by Chris Winch
We are familiar with the idea that pay increases should be funded by increases in productivity, although this is not a feature of many top director’s pay awards. A recent survey of the payment of many top directors and the profitability of their firms shows a negative correlation between the two. Taken as a group, top directors’ wage increases correlated better with falls in productivity rather than with increases (Independent, 9.9.93).
Such cynicism amongst directors and shareholders does not mean that the relationship between payment and profitability should be ignored. Workers should put it at the centre of their claims for pay increases and should insist that the relationship should be respected by managers, directors and shareholders.
This point is easy enough to understand with firms producing commodities for the market, but what about activities that are essential to commodity production but which, nevertheless, are not themselves commodity producing? It is no good simply saying that they too must show productivity before they can secure pay increases, as Kenneth Clarke maintains. The difficulty is in measuring productivity in a straightforward way.
We can ask nurses to care for more patients, but if more patients die as a result, most people would hardly be inclined to praise the nurses for their increases in productivity. It might be said that ‘quality’ as well as productivity is of the essence. But it is far from clear what quality in the public services amounts to, with the government constantly moving the goalposts, talking about ‘efficiency’ in one year, ‘customer satisfaction’ in another and ‘value for money’ in yet another.
This does not mean that we should not be concerned about the value of the work we do, but there is no reason either why we should work to the government’s agenda, when that agenda is more concerned with saving money and introducing market forces wherever possible than it is with providing good public services.
Behind this contemptuous attitude to public enterprises like education and nursing lies the confusion between productive and commodity labour that Madawc Williams drew attention to in the last issue of L&TUR. Many public enterprises are not productive in the sense that they do not contribute to the creation of wealth through the sale of commodities in the market place.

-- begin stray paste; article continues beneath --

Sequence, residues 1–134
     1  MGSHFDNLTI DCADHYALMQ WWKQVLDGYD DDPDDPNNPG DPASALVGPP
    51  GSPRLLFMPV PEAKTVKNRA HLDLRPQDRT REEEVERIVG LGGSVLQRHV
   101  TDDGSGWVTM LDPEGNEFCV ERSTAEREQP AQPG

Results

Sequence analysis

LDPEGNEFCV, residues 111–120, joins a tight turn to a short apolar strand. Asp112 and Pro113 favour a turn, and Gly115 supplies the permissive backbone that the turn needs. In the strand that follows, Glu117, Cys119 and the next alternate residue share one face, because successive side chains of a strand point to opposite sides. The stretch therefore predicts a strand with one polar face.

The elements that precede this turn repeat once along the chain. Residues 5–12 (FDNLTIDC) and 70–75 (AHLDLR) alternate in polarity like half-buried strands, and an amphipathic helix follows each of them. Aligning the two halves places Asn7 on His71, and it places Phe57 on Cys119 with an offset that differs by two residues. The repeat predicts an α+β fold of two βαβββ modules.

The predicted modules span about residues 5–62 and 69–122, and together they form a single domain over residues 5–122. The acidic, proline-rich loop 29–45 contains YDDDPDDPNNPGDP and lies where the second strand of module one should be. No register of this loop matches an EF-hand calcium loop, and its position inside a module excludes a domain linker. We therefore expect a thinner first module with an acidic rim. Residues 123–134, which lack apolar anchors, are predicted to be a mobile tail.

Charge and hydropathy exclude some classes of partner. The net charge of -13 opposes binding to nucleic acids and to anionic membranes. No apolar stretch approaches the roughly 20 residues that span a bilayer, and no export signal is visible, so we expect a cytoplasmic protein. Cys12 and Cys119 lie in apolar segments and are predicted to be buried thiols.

They contribute, for example, ensuring that people arrive at work safely and on time, are properly educated for work and are healthy enough to carry out their jobs properly. It is absurd that their contribution to wealth creation should not be properly acknowledged in the determination of wage levels.
However, in the commercial sector wage increases beyond what can be sustained by increases in productivity lead to other problems, like increases in unemployment, as firms shed labour or fail to hire it, because of prohibitive costs or because it suits them to employ a smaller number of workers on higher rates of pay. Excessive wage increases also inhibit the use of profits for other purposes like the creation of economic infrastructure in the form of housing, transport, health care and education. It is only possible to tax profits for such purposes when there are sufficient of them to be taxed.
An incomes policy is a different way of looking at the organisation of society. It is one that puts society in front of the individual but in such a way that individuals and their families are the ultimate beneficiaries. Provided that it is not seen to be unfair, by for example, penalising productive and profitable firms at the expense of those which are not profitable, the trade union movement should welcome it as a way of benefiting its members and increasing the influence and relevance of the unions to society. This is one reason why incomes policies are regarded with such fear and loathing by the new right.
The best way of looking at what an incomes policy can do is by seeing it a-; a solution to a co-ordination problem. There is a solution that is best for everyone, even though it is not the very best possible for some individual or group. Of course it would be wonderful if a trade union managed to bid up wages in its own sector to the limit that the employers were able to pay, even if it meant that the firm had to increase the prices of their own goods.